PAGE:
I loved the clever structure of the book, the way it moved from present to past to build up a complete picture of of this 'violent faith'. I didn't know much about Mormonism before reading this; my knowledge came only from the scarily plastic, smiling faces of the Osmond brothers in the 1970s and the more recent, hilarious (and accurate) take on it by South Park. Jon Krakauer's book gives what I consider to be a balanced view, some of which details frightening scenarios ~ murder (and massacre), paedophilia, narcissistic delusions, mind control, hypocrisy, false representation of facts. I read that he took three years to research the book, not only using a variety of written sources, but also interviewing those currently in the faith, those who have left it, been harmed by it ~ and Dan Lafferty himself.

Under the Banner of Heaven considers the psychology of fundamentalism in all religions, not just Mormonism, and makes for fascinating reading. I love the way Krakauer writes, never using twenty words where ten will do, giving an objective point of view at all times (though so cleverly that you can often feel his opinion whispering through the sentences!). Normally, I would be only mildly interested in reading a book about cults or religions, but this had me gripped.

I loved the observation at the end (I hope this isn't a 'spoiler'!) from ex Mormon DeLoy Bateman who said that although he thought that people within the religion were probably happier than those on the outside, "some things are more important than being happy. Like being free to think for yourself."
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on 15 August 2017
I bought this for two reasons.

1. The author
2. To read some summer true crime

The book far exceeded my expectations and is testament to choosing a book because of the author.

Advertised as the story of an inter-family murder this instead widens its lens to include a history of the Church of Jesus Christ of Latter Day Saints, or Mormons, their spin off religions and their sometimes astonishing beliefs. The history is supported by real life examples of actions taken in the name of religion.

I won't give anything else away. Instead just buy and read this book.
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on 29 September 2012
Well, just finished this, and its a riveting read, deconstructing the murder of a woman and her young child by fundamentalist Mormon Ron Lafferty in 1984, because "God told me to".

'Under the Banner of Heaven' tracks the history of Mormonism, and the growth of its fundamentalist wing, from the 19thC to the present day. All those wives! All that need for 'blood atonement'! As Krakauer says, though Mormonism is now accepted as part of the American mainstream, it "usually hugs the right edge of the flow", articulating reactionary - and usually offensive - views on race, gender, and sexuality.

If you were sceptical about the worth of organised religion of any creed, this book will confirm and reinforce your view that, though religion may have some minor social benefits, its tendency to exclude (and 'damn') non-believers (with varying degrees of social exclusion or physical harm) in the name of 'god' tends to negate any intrinsic worth it may bring.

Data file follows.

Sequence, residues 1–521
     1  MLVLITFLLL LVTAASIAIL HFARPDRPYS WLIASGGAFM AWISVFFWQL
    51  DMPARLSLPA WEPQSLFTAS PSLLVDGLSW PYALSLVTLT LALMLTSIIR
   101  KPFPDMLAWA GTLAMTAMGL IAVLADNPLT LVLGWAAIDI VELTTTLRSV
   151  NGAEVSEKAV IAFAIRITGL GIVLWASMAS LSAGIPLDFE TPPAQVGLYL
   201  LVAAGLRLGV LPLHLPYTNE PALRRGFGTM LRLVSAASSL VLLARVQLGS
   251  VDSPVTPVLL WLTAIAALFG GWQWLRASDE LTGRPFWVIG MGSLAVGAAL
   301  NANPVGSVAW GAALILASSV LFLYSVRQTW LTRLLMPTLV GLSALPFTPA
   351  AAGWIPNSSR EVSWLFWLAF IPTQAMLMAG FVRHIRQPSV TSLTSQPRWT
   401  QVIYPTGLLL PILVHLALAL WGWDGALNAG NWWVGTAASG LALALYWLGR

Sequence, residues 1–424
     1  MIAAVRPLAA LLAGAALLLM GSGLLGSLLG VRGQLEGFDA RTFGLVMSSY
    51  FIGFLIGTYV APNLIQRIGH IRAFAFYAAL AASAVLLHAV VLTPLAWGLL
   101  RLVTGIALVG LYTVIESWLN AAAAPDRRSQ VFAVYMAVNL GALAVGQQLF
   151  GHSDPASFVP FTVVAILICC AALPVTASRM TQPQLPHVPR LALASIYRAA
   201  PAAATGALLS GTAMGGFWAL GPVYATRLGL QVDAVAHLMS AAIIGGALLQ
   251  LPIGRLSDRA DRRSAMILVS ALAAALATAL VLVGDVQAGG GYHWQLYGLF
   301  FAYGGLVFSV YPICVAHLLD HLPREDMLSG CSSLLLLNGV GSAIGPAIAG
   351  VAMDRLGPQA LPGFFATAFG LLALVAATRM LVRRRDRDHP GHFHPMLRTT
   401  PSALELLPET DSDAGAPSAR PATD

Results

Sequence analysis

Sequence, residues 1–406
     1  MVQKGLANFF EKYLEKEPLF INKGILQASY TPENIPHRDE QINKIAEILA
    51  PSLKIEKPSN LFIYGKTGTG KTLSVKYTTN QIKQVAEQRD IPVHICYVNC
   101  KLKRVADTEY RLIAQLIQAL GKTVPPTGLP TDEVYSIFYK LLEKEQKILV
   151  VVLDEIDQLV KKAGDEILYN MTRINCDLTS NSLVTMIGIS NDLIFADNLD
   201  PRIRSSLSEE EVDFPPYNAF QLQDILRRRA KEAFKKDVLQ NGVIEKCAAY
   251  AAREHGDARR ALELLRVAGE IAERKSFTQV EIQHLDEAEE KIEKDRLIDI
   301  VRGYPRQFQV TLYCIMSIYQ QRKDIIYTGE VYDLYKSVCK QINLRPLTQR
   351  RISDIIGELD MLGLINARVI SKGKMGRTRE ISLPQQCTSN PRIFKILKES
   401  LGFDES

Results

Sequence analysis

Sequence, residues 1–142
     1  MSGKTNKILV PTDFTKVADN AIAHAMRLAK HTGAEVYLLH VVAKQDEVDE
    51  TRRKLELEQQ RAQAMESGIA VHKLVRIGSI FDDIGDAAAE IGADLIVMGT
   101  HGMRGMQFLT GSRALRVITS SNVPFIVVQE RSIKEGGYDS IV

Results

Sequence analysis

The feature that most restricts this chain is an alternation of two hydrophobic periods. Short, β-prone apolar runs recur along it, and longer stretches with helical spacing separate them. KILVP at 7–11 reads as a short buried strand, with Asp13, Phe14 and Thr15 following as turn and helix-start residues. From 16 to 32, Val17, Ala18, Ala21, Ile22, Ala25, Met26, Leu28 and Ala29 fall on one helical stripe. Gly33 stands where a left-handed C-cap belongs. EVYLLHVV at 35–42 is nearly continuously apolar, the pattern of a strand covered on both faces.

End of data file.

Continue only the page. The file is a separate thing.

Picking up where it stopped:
Currently (as at September 2012), Mitt Romney - Mormon - is Republican candidate for US President. I doubt he'll win, but the LDS must be delighted he's got so far, and take it as evidence that the Final Day (second coming) is near...
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on 31 January 2011
I read this book because I enjoyed Into the Wild, both book and film, and because I read in the February issue of Vogue that Kristen Stewart was reading it. She has good taste in my opinion and so I followed. Anyway, being from the UK and so having never had first hand experience with the Mormon religion I was very interested in finding out what the truth was amongst all the media driven ideas that are fed to us. The book reads like a long newspaper article, wonderfully intertwined stories, mixing politics, history and culture of a people and of a religion. Although parts of the book shock, parts also make you understand what, on the surface, you think impossible to understand. Would more then recommend this book, quick to read and highly addictive, one of the best things I have read in a long time!
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on 18 October 2004
...although nominally about Mormonism (with a handy picture of a mountain on the cover, just to tempt in Krakauer fans who liked'Into Thin Air'), 'Under the Banner of Heaven' is really about how fundamentalism distorts everyone who touches it.
There's a wonderful scene near the end where he asks Ron Lafferty, who's spent half his adult life in prison for his part in a 'religious' murder of a woman and a baby whether he sees any similiarities between himself and Osama bin Laden... and for just a second, he almost does.
Unusual and utterly engrossing, this book is wonderful reading for almost anyone: it's beautifully written (if often harrowing), and if Krakauer rarely conceals his own prejudices, without his passion, it wouldn't be nearly so intense and fascinating.
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on 30 September 2008
Brilliant account of a religion and how it lead to the murder of innocents by people carrying out what they thought was God's work. Sound familiar?

This is a stunning book. It so incredibly well researched and written that despite the amount of details you don't ever lose your way. It describes everything so richly that you almost feel part of events. A warning though - it makes the retelling of the actual murders all the more harrowing and almost unreadable at one point.

I'd like to think it's for everyone but I think you need more than a casual interest in religion (more so atheists! Anyone whose read God Delusion or Sam Harris MUST read this) to really enjoy a pretty full account of Mormon history but it really rewards. It made me shake my head in disbelief several times and reflect on how a religion (?!) like Mormonism or it's offshoots can gain such a foothold in modern times.

I'd also recommend it for fans of Brian Masters crime writing as it feels similarly well written and the subject matter does cross over.